Ever wondered how sneaky forgers managed to dupe and deceive the experts with fake arms and armour? Our Curators Emeritus Ian Bottomley and Peter Smithurst in their Fakes, Forgeries and Replicas Seminar sought to uncover some of the forger’s duplicitous tactics.
Fakes and forgeries often become more prolific when the demand and prices are high; consequently, the gothic revival and the rise of romanticism during the eighteenth and nineteenth centuries provided ideal conditions for the fakes market to thrive as the craze for medieval pieces grew.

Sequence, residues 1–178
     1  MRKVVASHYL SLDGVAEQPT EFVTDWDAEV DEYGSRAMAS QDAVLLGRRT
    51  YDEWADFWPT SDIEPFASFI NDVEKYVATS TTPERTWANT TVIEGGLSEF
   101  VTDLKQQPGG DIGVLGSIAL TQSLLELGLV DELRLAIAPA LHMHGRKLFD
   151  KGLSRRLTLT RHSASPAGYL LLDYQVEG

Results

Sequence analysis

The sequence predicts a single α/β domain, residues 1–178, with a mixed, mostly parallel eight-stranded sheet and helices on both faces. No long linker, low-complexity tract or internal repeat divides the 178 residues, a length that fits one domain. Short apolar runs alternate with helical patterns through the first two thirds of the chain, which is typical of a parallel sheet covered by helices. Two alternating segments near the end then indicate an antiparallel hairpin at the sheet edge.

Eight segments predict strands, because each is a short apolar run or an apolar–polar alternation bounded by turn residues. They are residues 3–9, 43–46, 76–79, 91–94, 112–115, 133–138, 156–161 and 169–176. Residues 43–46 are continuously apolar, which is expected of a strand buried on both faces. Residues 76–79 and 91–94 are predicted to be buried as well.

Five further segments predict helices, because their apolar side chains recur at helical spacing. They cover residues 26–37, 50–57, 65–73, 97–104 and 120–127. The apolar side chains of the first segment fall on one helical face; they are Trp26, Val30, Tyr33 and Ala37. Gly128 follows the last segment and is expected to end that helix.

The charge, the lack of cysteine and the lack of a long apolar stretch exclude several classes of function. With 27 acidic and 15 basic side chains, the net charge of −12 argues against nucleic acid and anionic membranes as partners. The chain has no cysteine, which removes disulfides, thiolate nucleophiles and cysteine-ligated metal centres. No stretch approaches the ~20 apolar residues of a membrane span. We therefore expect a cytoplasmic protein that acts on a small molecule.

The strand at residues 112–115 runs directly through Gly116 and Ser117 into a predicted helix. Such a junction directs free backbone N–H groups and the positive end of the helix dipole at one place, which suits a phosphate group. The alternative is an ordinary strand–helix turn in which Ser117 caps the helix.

One of the most infamous fabricators of fakes of the 19th century was Samuel Pratt of Bond Street. Pratt was originally a vendor of antique furniture, but he colluded with a metalworker called Grimshaw and began to deal in ‘antique’ arms and armour. Some of the armour that he sold was real, but much was fake, being either copies or ‘improved’ items, such as a fifteenth-century sallet which Pratt modified into a basinet in around 1850.
Blogger: Natasha Roberts, Curatorial Assistant
Latest posts by Royal Armouries (see all)
- The Royal Armouries Leather In Warfare Conference - 11 December 2014
- They That Are Left: the Royal Armouries hosts a stunning Remembrance photographic exhibition - 18 November 2014
- Ask A Curator Day Wednesday 17 September 2014 - 16 September 2014